- Vestre Fredrikstad (Kristi Menighet, 1904–1933)
- Halden Branch (LDS, 1854–1949)
- Moss Branch (LDS, 1905–1949)
- Sarpsborg Branch (LDS, 1931–1949)
- Sarpsborg (Metodistkirken, 1840–1923)
Coat of armsEdit
The coat of arms is from modern times (1958). The lines represent sunrays at sunrise in the east. (See above under the name.) They also represent the worship of the Sun in the Bronze Age (depicted in several rock carvings found in the county).
|Number of minorities (1st and 2nd gen.) |
in Østfold by country of origin in 2017
|Trinidad and Tobago||10|
- Roald Amundsen (1872–1928) - Explorer of polar regions
- Berit Ås - Politician, professor and feminist.
- Thea Foss (1857–1927) - founder of Foss Maritime
- Hans Nielsen Hauge - (3 April 1771 – 29 March 1824) - Lay preacher
- Peder Christian Hjorth - (1792-1855) - Norwegian politician
- Egil Olsen - Norwegian Football coach.
- Karl Ouren (1882–1943) - Norwegian-American artist
- Petter Solberg - Rally driver
- Nils Otto Tank (1800–1864) - Moravian Church religious leader
- Harald Zwart - Movie director and producer
|Wikimedia Commons has media related to Østfold.|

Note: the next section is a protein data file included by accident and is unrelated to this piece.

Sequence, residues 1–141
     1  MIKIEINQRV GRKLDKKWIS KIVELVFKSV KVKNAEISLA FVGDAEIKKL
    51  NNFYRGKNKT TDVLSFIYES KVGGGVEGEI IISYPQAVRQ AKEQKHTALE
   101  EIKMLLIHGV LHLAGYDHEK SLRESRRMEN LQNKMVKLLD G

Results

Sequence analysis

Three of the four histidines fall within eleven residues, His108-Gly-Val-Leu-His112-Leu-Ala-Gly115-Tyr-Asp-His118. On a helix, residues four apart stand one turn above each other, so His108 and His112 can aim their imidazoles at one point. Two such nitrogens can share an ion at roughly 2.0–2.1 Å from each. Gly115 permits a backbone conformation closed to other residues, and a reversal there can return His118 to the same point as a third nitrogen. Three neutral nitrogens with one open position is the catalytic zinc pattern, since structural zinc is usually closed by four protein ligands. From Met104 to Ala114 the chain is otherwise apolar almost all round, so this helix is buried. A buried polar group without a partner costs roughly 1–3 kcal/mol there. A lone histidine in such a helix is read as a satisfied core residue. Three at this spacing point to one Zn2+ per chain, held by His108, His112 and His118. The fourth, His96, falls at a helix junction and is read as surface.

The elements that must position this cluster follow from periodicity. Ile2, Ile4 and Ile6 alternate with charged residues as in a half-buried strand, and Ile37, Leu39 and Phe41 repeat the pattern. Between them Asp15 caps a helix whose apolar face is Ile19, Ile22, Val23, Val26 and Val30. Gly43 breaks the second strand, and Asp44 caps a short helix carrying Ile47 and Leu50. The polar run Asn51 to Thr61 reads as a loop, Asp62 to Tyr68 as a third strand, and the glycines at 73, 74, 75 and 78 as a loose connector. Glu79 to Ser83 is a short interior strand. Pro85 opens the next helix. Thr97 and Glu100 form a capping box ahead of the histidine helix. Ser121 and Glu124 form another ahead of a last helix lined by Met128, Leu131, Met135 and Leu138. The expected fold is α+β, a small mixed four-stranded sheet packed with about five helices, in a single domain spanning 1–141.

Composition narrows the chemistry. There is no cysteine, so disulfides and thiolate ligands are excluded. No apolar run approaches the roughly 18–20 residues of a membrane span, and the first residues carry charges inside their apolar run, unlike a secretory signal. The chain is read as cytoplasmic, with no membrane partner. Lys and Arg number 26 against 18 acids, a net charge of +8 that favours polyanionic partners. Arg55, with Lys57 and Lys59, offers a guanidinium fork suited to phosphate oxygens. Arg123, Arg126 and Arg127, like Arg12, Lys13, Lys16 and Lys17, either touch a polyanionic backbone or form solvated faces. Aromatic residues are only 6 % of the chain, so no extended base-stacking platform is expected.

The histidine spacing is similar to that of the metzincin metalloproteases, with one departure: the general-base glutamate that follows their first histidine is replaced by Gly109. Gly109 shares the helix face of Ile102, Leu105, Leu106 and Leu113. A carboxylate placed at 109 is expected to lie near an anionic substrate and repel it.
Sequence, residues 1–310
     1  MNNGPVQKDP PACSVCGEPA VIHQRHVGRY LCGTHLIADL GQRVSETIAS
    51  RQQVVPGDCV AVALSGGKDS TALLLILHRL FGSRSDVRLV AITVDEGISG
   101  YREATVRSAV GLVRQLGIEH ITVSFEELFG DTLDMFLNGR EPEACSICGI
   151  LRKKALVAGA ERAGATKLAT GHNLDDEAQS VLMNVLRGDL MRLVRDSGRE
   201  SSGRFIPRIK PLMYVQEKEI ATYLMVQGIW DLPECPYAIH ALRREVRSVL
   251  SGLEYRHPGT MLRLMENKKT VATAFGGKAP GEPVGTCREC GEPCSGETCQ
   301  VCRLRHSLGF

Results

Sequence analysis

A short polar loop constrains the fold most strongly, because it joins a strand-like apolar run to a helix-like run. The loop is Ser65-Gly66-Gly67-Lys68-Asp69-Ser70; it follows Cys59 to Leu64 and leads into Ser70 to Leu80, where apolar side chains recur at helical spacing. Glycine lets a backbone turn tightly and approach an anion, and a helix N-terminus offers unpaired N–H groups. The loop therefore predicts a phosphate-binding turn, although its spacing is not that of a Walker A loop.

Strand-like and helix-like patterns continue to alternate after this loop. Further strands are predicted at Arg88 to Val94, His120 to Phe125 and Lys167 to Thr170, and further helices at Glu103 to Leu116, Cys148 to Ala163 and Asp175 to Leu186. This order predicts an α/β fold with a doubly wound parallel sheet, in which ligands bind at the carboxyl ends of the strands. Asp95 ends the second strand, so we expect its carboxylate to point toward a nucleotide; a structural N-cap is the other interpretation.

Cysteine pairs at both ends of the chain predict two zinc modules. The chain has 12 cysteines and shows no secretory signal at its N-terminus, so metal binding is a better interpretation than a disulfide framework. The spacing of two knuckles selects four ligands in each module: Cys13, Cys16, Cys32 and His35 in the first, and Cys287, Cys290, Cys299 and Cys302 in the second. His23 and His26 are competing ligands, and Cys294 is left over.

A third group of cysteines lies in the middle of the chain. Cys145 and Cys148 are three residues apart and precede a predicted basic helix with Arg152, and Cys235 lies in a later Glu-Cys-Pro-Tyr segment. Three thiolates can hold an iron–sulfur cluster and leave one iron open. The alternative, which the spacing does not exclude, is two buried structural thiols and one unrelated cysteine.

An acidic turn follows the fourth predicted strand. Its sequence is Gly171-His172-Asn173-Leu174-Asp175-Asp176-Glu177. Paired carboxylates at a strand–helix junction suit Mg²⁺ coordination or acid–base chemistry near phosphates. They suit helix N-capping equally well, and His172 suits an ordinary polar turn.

|Wikivoyage has a travel guide for Østfold.|
- Østfold fylke website (in Norwegian and English)
- Statistics and basic interpretation regarding Østfold (in Norwegian)
- Excavation of longhouse from the Roman Iron Age
- Projected population - Statistics Norway
- "Viking ship burial discovered in Norway just 50cm underground". the Guardian. 2018-10-15. Retrieved 2021-02-01.
- Starr, Michelle. "A Rare Viking Ship Burial Was Just Discovered in Norway, Less Than 2 Feet Underground". ScienceAlert. Retrieved 2021-02-01.
- McGreevy, Nora. "For the First Time in a Century, Norway Will Excavate Viking Ship Burial". Smithsonian Magazine. Retrieved 2021-02-01.
- miljødepartementet, Klima-og (2020-05-12). "Vil grave fram det første vikingskipet på 100 år". Regjeringa.no (in Norwegian Nynorsk). Retrieved 2021-02-01.
- "Sykehuset Østfold". Retrieved 31 May 2020.
- "Immigrants and Norwegian-born to immigrant parents, by immigration category, country background and percentages of the population". ssb.no. Retrieved 24 June 2017.